Cancer prediction is an entire science of it's own, and you need a personal consultation to determine your real risks. For decades we mainly were quoting your cancer risk of any particular cancer by keeping track the major female reproductive cancers in the United states. The most basic risks of cancer was then able to be quoted based on your lifetime risk of actually getting invasive disease, which is where we have come up with these figures:
1 out of 8 women: Breast Cancer
1/38 Endometrial (uterine lining) Cancer
1/70 Ovarian Cancer
1/135 Cervical Cancer
By the way, a woman's risk of colon cancer is 1/25, just to put additional perspective on this.
We have begun to slowly modify those risks, and be able to really give individual women a risk assessment based on certain other factors, just like smoking raises our lifetime risk of lung cancer, there are other associated factors that increase the risk of gynecologic cancers, such as the risk of cervical cancer greatly multiplies if you have a High Risk HPV virus infection.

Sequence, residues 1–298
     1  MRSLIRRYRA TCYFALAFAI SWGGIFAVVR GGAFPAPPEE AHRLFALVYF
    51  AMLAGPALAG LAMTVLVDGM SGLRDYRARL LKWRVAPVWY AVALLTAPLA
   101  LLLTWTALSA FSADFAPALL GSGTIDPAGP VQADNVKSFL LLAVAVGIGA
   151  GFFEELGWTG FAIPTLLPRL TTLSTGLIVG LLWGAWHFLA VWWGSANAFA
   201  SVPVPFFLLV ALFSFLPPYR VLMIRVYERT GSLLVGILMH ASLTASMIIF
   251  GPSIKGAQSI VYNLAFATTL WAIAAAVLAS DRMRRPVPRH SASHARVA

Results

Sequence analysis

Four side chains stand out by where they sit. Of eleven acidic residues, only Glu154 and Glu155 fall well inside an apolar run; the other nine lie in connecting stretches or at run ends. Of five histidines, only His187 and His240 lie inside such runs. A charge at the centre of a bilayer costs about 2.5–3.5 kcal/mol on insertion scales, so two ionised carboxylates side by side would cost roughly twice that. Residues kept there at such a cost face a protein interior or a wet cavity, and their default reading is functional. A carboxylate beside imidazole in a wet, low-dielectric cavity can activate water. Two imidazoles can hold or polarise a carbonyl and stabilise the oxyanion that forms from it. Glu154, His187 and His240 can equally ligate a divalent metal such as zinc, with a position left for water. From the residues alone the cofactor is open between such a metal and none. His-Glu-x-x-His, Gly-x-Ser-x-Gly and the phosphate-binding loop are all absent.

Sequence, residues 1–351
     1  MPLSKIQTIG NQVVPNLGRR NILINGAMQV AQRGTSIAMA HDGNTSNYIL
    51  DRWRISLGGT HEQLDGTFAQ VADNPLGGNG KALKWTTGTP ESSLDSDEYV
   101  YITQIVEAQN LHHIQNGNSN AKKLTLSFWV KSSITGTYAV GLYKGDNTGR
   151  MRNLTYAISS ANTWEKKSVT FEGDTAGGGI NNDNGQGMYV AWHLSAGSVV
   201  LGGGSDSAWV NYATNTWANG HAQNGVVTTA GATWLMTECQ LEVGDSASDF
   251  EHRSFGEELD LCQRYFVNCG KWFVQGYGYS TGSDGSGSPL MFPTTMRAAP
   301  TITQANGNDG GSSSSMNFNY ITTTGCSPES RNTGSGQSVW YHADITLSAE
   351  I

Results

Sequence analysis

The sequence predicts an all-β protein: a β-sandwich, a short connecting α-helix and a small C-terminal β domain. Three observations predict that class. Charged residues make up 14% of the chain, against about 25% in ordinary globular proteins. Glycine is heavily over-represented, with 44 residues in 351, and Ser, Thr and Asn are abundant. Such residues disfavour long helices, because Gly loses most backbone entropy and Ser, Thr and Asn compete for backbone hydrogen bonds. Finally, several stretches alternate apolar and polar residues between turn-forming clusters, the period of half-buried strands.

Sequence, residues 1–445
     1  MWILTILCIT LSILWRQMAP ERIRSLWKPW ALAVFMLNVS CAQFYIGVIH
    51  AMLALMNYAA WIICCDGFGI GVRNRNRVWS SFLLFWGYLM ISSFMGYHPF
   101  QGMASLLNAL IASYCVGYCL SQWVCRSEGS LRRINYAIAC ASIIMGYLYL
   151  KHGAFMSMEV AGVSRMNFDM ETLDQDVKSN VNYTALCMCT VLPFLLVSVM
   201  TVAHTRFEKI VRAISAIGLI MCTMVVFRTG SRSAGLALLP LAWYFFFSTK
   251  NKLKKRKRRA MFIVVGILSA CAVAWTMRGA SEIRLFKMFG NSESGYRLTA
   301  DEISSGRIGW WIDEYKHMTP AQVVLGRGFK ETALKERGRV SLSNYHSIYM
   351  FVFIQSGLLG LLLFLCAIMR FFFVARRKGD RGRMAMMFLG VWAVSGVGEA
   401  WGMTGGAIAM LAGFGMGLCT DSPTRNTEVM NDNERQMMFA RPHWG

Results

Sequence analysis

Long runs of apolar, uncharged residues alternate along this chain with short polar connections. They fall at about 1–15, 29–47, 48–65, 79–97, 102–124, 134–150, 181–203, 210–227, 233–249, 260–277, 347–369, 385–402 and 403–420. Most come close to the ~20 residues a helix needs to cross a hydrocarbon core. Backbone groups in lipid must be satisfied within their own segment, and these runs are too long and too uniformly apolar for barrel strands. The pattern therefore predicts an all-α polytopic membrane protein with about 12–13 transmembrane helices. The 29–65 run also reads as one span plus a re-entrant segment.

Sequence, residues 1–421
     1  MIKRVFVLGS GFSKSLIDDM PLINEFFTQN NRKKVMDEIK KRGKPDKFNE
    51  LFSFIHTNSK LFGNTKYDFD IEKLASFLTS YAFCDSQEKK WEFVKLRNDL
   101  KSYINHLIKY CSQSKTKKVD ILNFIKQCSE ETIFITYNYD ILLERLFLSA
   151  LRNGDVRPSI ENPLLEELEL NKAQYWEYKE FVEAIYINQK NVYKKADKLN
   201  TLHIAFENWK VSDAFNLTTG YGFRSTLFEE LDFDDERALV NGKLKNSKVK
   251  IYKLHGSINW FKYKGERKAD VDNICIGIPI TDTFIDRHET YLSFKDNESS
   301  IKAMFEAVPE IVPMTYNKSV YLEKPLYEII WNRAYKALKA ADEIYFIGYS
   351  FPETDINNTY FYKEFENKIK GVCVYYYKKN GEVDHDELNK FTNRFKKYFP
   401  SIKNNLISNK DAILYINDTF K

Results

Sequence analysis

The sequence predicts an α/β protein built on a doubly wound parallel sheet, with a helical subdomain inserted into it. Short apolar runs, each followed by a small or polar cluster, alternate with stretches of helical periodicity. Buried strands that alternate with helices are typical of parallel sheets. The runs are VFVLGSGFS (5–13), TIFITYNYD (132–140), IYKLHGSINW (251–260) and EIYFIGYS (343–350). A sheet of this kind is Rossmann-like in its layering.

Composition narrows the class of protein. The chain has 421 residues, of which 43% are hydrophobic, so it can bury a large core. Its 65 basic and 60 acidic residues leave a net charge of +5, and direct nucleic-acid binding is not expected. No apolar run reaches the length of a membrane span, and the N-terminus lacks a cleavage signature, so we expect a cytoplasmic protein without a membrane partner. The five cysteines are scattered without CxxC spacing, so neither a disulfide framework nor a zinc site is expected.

The newest trend was to begin to develop the genetic basis for some disease. BRCA1/2 genes can raise your risk of breast cancer a 50% or even 80% lifetime risk depending on your specific genetics. Although then having a mastectomy can lower that risk to virtually zero. If we can find the right gene, and 'correct' or edit the genes, the future of cancer control changes dramatically.
The NIH wants to hone in on the genetics of cancers so that some of these clinical end points can be determined. Most cancers come from a defective gene operating at the tissue level. In most cases it develops over time, it's not specifically something you were born with. At the NIH there is a branch called the Cancer Genome Atlas Project trying to understand the genetics of over 20 common cancers. From this information it is hoped that the cancers can be either prevented or cured. Other branches of the international science community through the Summit on Gene Editing are supportive, but want us to establish important ethical guidelines, as well as open cooperation to make the technology available. There is a tremendous amount of research being published literally daily, and prevention is more than a dream, they seem to be around the corner.
One thing we know for sure, at this point many cancers are preventable, see your gyno to see if you are doing enough to prevent them.